Faiza Moatasim is Assistant Professor of Architecture in Urbanism and Urban Design at the USC School of Architecture. She specializes in history and theory of architecture and urban design, modern colonial and post-colonial architecture and urbanism, low-income housing and urban informality. Moatasim’s research explores how the agency of individuals and communities in shaping their urban built environments, using their personal resources and political connections, is integral to our understanding of the planning, functioning, and everyday lived experiences of cities around the world. Her research has been supported by the Social Science Research Council, American Institute of Pakistan Studies, Mellon Foundation, International Institute for Asian Studies, Teagle Foundation and Foundation for Urban and Regional Studies.
Alison B. Hirsch
Alison B. Hirsch, FAAR, is a landscape theorist, historian and designer. Both her design and written work focus on how understanding cultural practices and social histories and memories can (and should) contribute to the design of meaningful places. As Director of the Landscape Architecture + Urbanism program, Alison has established the Landscape Justice Initiative which serves as a platform to address questions of environmental, spatial and climate justice at local and systemic scales
Sascha Delz is an architect and researcher working at the intersection of architecture, urban design, and urban studies. He holds a Master’s degree in Architecture and a Doctor of Science from the Swiss Federal Institute of Technology Zurich (ETH Zurich). Engaging with contemporary urbanization processes, his research focuses on how specific political-economic frameworks influence the manifestation of architecture, urban form and living environments. Addressing challenges of uneven development, asymmetric cooperation setups, and exclusive distribution of urban resources, he is particularly interested in advancing knowledge on more equitable and collaborative practices of urban production, as well as non-profit models of adequate and affordable housing.
Aroussiak Gabrielian is a scholar-practitioner working across the fields of Landscape Architecture and Media Arts. Her scholarship focuses on both materialist perspectives on the living world of landscape matter, and the practice of imaging and imagining landscape, addressing both landscape’s material and its representation. Aroussiak is currently working on a book manuscript emerging from her doctoral research, Near-Extinction Rituals, which aims to torque our imaginaries to help us re-think our interactions with both human and non-human agents on this planet.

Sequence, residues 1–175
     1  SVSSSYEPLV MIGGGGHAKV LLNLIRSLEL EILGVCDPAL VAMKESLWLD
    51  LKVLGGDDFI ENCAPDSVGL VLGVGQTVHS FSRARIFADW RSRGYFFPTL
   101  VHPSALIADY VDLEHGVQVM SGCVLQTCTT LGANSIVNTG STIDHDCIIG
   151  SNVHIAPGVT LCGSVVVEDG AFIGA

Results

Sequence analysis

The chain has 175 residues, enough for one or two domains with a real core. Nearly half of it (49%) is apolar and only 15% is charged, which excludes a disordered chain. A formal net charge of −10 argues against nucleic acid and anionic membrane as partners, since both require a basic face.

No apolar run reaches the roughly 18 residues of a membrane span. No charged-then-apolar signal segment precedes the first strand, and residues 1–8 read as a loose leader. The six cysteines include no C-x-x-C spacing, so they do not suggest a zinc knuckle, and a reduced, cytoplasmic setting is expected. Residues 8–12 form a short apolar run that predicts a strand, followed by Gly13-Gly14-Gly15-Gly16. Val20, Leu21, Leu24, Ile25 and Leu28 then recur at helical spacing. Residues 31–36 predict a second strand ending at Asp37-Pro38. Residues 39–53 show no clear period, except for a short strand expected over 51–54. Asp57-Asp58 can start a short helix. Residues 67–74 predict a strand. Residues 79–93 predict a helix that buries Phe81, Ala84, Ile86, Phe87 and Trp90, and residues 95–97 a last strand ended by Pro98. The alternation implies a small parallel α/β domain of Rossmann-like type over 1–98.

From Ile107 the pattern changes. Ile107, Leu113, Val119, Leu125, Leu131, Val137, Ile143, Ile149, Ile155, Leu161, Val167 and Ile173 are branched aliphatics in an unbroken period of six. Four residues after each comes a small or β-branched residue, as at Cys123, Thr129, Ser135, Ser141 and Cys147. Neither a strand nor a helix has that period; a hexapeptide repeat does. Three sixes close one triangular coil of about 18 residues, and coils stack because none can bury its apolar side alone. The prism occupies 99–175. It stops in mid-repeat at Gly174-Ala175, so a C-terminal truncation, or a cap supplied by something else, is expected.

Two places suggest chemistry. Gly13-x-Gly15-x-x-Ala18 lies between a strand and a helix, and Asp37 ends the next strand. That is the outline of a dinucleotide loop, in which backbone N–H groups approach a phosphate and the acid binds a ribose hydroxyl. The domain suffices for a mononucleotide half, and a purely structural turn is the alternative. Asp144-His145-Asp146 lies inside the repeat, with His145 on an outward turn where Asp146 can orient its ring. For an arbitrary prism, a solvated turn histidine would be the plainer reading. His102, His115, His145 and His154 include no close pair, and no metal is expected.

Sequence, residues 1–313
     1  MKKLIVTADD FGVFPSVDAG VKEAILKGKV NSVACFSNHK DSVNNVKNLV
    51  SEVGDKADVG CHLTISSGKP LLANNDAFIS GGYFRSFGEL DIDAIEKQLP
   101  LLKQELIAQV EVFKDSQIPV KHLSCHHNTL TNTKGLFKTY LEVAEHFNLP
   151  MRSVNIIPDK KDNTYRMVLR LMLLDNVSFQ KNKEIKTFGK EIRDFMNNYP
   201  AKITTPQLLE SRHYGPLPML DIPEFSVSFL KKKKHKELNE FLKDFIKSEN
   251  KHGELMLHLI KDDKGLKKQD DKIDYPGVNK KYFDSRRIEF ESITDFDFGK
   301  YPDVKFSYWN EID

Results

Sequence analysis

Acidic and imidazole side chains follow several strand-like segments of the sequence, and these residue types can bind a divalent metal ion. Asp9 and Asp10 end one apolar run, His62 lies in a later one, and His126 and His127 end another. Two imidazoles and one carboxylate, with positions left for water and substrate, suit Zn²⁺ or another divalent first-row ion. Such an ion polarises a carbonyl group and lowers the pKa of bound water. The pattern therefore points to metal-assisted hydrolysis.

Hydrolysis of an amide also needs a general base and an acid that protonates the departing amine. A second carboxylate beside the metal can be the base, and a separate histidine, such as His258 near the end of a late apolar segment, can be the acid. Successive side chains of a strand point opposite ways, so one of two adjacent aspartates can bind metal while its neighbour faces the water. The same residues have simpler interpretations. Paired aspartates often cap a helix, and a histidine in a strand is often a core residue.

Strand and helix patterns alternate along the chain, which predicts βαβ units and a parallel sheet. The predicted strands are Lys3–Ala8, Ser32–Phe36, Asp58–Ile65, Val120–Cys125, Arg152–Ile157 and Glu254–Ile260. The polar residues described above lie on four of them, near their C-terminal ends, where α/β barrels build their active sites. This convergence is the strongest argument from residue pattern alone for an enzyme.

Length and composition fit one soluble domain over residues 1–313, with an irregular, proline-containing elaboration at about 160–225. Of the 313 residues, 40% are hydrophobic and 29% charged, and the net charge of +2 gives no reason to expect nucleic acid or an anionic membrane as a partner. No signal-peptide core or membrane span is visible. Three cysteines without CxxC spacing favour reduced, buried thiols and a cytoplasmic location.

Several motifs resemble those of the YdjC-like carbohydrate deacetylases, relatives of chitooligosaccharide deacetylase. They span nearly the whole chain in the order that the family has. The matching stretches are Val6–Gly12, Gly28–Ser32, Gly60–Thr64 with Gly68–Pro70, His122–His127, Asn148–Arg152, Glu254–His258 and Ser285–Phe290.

Yo-ichiro Hakomori is a Design Principal at DesignARC – Los Angeles, and StudioHAU. DesignARC – Los Angeles is a multi-disciplinary design studio with a wide range of projects. Their work includes single and multi-family residential, small commercial, educational, and public – civic projects with work throughout the United States and parts of Asia. Hakomori received his Master of Architecture from the Graduate School of Architecture and Urban Planning at the University of California, Los Angeles, and a Doctor of Engineering in Architecture from the University of Tokyo.
Ginger Nolan is a historian and theorist of architecture and urbanism. Her scholarship examines intersections between nootechnologies, design aesthetics, and constructions of race. Before joining the University of Southern California, she held a postdoctoral fellowship at Basel University’s department of Urban Studies. She has also taught at Pratt Institute and the School of Visual Arts, and she was a teaching fellow at Columbia University’s Institute of Comparative Literature and Society. Her research has been supported by the Social Science Research Council, the Deutscher Akademischer Austausch Dienst, the Terra Foundation of American Art, and the Graham Foundation of Art and Architecture. She pursues collective forms of scholarship through her involvement with the Global Architecture History Theory Collaborative and with Aggregate’s Systems and the South group.